FCPS teachers ‘work to the contract’ in protest

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Growing classroom sizes. Budget cuts. For the past few years, the job of an FCPS educator has only grown more demanding. The new reality of teaching in Fairfax County is little to no pay raise, more students per class and an increasing amount of work to be done out of school.

Pay has been stagnant over the years and the pace of new teacher evaluation systems isn’t slowing down. Teachers are also dealing with new complicated elementary school report cards, assessment tools that require more data and analysis, and the rollout of other troublesome technological tools, according to the Washington Post.

Teachers at Woodson have begun dressing down as a form of protest. Refusing to dress professionally, many teachers now sport hoodies and sweatpants similar to what most students are wearing. Teachers claim that they would rather spend the money on groceries instead of shopping for professional attire.

While FCPS contains 16 schools that received gold, silver or bronze in U.S New’s Best High School ranking, according to usnews.com, average teacher’s salary is lagging behind. In 2014 the average teacher’s salary in FCPS is $67,245, while the average salary in Arlington is $74,903, according to the Washington Post.

“I don’t think my pay is fair, not with the new requirements,” German teacher Sarah Zaniello said. “There’s more work, like recommendations, and the pay isn’t going up. The most discouraging thing is that [Fairfax County] used to be a leader, and now it’s losing ground and quality teachers.”

One protest, however, could affect students negatively. By only “working to contract” teachers would stop doing things like staying after school, writing college and honor society recommendation letters, chaperoning prom, sending emails, science and art fairs, travel and extra credit projects.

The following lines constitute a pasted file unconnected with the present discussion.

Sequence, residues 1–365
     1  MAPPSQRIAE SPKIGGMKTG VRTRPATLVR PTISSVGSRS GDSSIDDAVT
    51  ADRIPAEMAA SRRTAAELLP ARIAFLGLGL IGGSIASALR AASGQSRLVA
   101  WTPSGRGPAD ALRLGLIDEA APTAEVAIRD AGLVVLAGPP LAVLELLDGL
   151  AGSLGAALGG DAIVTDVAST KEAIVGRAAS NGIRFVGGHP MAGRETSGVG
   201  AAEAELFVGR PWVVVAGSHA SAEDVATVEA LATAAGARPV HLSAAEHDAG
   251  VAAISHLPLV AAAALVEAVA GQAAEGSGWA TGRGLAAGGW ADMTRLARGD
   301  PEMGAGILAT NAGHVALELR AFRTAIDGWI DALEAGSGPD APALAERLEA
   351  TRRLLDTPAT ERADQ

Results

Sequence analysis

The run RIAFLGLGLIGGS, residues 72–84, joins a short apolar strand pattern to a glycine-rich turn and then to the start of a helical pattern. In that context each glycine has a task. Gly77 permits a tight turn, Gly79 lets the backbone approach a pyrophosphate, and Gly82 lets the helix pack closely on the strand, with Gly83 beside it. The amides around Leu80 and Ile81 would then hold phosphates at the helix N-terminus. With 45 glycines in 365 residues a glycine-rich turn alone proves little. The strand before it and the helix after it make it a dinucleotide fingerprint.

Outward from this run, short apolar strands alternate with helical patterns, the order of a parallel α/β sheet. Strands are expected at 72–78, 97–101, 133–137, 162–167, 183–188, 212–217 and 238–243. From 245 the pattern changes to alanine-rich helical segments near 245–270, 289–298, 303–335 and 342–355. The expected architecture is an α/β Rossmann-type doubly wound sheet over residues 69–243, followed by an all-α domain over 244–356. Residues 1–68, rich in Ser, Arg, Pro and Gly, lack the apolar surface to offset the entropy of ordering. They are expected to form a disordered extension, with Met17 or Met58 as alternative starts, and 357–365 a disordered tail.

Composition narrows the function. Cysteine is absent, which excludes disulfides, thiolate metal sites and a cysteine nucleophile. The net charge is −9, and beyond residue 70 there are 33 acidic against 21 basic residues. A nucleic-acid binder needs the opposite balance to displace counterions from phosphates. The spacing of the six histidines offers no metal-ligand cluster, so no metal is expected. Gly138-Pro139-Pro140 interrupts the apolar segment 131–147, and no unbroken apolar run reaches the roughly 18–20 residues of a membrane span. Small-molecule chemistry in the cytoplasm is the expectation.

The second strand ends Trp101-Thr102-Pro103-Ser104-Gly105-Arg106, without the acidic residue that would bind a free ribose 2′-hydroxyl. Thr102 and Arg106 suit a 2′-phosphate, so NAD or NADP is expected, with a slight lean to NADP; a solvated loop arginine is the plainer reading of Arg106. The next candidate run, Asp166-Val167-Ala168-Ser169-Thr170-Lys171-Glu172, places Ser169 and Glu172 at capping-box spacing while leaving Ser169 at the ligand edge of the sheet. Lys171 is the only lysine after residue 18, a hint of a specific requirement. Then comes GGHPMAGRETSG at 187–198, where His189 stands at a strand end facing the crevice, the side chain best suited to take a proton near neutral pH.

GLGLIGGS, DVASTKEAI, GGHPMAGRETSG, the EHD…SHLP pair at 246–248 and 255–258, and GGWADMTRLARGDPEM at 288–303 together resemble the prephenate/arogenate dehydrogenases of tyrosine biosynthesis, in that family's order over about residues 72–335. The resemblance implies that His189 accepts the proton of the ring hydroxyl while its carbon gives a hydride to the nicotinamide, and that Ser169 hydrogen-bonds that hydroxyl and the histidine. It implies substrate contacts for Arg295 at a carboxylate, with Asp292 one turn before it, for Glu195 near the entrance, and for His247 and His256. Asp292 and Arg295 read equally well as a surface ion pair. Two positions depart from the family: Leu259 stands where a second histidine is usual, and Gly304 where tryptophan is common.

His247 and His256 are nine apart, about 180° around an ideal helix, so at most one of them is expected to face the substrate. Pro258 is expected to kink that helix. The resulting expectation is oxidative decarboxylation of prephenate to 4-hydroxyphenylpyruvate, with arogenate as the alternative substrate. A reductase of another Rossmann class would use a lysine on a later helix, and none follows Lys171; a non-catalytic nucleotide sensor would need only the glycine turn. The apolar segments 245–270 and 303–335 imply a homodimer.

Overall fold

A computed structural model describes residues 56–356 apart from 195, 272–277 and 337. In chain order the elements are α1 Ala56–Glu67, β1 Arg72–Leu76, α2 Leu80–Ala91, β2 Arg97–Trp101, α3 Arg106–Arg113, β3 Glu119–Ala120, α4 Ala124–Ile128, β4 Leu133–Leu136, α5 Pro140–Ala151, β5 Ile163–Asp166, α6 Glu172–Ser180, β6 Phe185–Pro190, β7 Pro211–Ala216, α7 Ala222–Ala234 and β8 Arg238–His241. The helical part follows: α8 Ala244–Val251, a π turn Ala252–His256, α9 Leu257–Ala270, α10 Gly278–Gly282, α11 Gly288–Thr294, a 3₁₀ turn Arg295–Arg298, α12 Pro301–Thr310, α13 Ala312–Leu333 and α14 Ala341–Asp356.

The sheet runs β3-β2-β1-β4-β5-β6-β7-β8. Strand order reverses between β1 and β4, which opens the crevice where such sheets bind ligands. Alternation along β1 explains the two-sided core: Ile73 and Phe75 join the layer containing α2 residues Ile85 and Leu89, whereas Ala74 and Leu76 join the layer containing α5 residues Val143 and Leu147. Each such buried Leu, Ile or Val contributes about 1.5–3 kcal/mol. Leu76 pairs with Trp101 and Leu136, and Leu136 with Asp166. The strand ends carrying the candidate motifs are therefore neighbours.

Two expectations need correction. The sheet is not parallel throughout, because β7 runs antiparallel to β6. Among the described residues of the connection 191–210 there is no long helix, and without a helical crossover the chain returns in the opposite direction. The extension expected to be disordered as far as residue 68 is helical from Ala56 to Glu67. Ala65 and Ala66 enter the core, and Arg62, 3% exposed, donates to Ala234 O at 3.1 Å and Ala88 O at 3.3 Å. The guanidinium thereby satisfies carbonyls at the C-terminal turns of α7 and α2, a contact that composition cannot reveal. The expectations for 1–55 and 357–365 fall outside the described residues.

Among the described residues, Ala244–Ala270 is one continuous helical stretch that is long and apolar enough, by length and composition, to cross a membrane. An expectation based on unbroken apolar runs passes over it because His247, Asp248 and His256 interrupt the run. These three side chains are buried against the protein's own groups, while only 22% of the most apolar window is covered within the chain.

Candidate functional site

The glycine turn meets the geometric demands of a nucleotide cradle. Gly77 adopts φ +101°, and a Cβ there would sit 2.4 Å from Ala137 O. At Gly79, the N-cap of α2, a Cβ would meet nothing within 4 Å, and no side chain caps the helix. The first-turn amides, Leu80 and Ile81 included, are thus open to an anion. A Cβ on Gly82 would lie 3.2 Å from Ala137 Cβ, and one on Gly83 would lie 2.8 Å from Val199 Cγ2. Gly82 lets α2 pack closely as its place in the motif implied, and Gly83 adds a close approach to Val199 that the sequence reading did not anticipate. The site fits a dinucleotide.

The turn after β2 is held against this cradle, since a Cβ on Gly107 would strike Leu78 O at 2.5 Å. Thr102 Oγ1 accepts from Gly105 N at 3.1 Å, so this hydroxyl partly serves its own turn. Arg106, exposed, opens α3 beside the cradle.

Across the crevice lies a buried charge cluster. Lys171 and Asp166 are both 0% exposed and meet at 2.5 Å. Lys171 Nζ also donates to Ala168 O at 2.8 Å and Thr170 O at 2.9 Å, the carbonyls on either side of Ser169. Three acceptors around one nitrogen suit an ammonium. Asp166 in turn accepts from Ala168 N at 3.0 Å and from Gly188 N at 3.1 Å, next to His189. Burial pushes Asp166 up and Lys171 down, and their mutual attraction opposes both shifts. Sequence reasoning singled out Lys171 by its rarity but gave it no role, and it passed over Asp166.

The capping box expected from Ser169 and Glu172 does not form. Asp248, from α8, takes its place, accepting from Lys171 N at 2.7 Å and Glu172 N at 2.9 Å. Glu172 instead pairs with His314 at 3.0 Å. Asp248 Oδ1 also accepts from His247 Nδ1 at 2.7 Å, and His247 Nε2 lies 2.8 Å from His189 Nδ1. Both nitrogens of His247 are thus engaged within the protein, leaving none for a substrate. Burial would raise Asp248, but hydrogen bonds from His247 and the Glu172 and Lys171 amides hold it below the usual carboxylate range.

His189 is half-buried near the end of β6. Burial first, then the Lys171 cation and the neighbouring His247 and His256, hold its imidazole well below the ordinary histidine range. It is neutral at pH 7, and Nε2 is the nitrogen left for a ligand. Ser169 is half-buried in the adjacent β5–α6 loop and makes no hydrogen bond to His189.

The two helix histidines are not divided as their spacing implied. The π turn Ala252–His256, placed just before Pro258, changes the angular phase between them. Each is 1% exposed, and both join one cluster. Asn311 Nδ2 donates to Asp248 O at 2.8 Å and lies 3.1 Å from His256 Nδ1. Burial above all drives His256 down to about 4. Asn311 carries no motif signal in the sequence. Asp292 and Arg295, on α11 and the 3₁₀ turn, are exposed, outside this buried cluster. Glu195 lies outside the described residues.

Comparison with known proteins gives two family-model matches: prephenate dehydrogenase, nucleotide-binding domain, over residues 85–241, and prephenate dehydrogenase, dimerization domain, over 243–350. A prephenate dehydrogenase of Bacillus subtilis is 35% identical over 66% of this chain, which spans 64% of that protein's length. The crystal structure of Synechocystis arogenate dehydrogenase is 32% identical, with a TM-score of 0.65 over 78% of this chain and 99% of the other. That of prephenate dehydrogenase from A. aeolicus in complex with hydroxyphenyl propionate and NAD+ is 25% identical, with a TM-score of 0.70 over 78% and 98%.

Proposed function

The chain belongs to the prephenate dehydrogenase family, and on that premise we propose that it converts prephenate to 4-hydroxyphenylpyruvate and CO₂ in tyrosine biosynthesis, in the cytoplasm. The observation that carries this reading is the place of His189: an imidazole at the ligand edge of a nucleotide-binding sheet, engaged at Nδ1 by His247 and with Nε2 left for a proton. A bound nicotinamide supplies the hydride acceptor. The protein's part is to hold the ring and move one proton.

“I think it’s one good way to protest,” Zaniello said. “It was done before, but I’m not sure if it worked. But it sends a message.”

The goal of working only to contract is to draw the attention of Fairfax County officials in charge.

“I guess working to contract would only work if parents expressed their concern about this to the school board and to the people who decide the property tax rates,” psychology teacher Wilson Rowe said. “The pay is fair, but the concern is that it hasn’t gone up in several years while prices and taxes have,”

Some teachers don’t find “working to the contract” tactical.

“It doesn’t work, not really; it doesn’t impact the people who are gonna raise the pay,” English teacher Alison Rockmann said.

Teaching isn’t just teaching, she said. Standing up in front of the classroom and teaching is probably just one fourth of the job. It includes grading, extra help before and after school, personal coaching, writing recommendations, sending emails out and creating lesson plans.

Superintendent Karen Garza wishes to cut the positions of 700 staff positions to free up funds to increases teacher’s pay.

“We live in a very competitive marketplace,” Superintendent Karen Garza said in an interview on the Kojo Nnamdi show. “We also know that having the best teacher we possibly can have in every classroom, in any school organization, is mission critical. They are what makes things happen for our children. So, that has to be a priority for us, and that is to make sure that we’re being very competitive with our surrounding jurisdictions, that we keep our best teachers in our classrooms.”

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